Suddenly the seagulls that sat on the roofs of the west wing took off high above the Golfo Paradiso. That was an unmistakable sign, a macabre announcement. A worker was filming with his cell phone, it went very quickly, then with a loud bang the front part of the old cemetery of Camogli with its seven-story urn wall and four family chapels fell into the sea. 200 coffins slipped into the water on Monday, some rocked on the waves. Gravestones and urns also ended in the rubble and mud. An apocalyptic scene in the beautiful Golfo Paradiso on the Ligurian coast, not far from Genoa.
There weren’t any visitors in the cemetery when what had to happen at some point happened. This part is closed on Mondays. For some time now, however, many people have not dared to go to lay flowers for their loved ones anyway. They knew about the fragile soil under the spectacularly situated cemetery, built more than 150 years ago, the final resting place of seafarers, shipbuilders and fishermen – the people of the sea.
For the mayor, the rock fall could not have been foreseen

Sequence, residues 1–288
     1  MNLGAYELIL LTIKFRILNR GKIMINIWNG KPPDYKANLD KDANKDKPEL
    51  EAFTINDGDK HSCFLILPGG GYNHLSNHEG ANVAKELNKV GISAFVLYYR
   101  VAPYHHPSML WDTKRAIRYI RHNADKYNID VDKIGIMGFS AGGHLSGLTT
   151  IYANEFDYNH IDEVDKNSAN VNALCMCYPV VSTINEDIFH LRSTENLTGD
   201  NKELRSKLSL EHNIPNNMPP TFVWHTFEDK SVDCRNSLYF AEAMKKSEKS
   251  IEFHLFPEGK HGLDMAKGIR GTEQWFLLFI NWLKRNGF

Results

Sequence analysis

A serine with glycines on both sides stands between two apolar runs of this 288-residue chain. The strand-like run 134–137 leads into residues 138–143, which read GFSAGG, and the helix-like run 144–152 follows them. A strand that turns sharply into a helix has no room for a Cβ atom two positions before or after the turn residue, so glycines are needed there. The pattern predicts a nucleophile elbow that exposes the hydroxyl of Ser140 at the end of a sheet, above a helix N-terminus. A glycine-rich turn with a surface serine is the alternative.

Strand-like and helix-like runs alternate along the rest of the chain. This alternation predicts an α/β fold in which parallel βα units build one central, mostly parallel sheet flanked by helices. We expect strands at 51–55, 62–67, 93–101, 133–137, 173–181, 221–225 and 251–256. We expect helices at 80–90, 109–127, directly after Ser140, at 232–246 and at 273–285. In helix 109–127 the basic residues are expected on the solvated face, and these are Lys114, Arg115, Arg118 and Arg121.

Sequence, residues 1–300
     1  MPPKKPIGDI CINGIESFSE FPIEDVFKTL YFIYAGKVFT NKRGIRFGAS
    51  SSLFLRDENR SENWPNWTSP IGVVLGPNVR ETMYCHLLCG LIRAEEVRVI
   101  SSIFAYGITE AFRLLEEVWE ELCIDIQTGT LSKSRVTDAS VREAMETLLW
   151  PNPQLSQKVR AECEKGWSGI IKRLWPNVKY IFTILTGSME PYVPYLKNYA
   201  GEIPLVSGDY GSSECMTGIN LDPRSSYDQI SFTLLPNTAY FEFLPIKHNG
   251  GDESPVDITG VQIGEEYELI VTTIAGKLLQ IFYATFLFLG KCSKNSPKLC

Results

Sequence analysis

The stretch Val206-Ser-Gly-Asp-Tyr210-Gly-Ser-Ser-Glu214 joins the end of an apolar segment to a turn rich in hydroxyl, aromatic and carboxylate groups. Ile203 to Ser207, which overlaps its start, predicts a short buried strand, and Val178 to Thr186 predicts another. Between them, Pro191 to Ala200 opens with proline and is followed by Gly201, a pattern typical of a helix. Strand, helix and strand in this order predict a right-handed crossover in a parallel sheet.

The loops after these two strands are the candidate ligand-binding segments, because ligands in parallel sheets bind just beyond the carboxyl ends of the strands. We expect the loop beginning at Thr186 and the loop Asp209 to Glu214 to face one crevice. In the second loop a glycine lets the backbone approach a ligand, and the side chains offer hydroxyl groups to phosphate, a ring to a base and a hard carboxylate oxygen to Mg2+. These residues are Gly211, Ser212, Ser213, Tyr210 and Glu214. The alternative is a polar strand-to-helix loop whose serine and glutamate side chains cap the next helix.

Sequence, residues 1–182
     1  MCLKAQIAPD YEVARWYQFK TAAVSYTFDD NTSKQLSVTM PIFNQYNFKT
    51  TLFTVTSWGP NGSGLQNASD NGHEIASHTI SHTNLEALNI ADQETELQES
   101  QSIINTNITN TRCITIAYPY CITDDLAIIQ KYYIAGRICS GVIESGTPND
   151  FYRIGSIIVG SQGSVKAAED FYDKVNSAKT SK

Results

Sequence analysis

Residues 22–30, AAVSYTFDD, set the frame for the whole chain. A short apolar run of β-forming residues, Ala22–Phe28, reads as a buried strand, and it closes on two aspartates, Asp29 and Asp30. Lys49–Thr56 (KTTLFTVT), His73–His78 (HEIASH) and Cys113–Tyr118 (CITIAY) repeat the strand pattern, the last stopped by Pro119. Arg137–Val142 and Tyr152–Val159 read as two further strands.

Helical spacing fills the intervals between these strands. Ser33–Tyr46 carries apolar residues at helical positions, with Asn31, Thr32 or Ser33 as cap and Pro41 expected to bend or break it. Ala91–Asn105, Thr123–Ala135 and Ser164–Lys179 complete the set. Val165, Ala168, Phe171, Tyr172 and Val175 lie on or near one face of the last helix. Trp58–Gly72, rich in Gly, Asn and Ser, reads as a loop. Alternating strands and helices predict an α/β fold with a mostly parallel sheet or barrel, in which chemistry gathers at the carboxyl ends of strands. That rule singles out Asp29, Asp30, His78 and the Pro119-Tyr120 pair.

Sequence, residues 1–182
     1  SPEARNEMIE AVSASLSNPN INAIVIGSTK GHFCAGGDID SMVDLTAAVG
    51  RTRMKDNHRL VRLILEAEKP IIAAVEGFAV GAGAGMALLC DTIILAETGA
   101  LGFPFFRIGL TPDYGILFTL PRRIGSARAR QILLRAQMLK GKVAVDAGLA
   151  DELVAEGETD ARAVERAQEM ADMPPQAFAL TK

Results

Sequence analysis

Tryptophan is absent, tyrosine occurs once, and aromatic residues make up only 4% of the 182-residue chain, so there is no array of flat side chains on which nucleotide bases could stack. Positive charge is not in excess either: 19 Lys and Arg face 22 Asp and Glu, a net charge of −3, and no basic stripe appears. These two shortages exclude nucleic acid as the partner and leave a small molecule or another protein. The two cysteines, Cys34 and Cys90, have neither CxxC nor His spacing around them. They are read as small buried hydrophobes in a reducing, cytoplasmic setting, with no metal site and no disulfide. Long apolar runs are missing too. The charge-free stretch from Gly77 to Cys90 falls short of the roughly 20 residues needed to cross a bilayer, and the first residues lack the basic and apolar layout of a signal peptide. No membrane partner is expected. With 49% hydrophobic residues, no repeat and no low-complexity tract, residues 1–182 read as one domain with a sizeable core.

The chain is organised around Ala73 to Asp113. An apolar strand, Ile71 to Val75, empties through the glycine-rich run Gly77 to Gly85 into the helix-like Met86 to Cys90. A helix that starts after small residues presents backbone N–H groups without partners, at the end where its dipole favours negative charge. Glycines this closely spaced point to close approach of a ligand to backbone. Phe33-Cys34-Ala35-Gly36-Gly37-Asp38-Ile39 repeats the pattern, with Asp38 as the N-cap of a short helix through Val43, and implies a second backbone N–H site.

The earth had been eroding under the tombs for a long time. In recent years storm surges have often lashed against the rocks in a way that had never been seen here before. And then it rained incessantly that winter, sometimes for weeks. The mayor of Camogli, Francesco Olivari, says nevertheless: “Such a rock fall is unpredictable.” Olivari, you have to know, is a geologist. But of course he too had foreseen the event.
Work has been going on to strengthen the ledge since last autumn, and the Italian state had given millions in aid. It’s not just nature that gnaws and tears at the popular coast. Decades of construction speculation have ravaged the area, the buildings press with tons of weight on the fragile ground, and river beds were often concreted over to create more space for real estate.
Camogli is a picturesque, small place with colorful houses and an old fishing port, which in summer inflates itself into a medium-sized city with second home owners from Milan and Turin and with tourists from abroad. Now coffins were flooding into the pretty harbor. Only ten could be brought ashore by Monday evening, they are stacked on the pier. The coastal police immediately put oil barriers in the Gulf, as they are used to contain spilled oil after environmental disasters. The barriers are designed to intercept the coffins that otherwise drift out to sea – with the bones of people who had spent their lives at sea.
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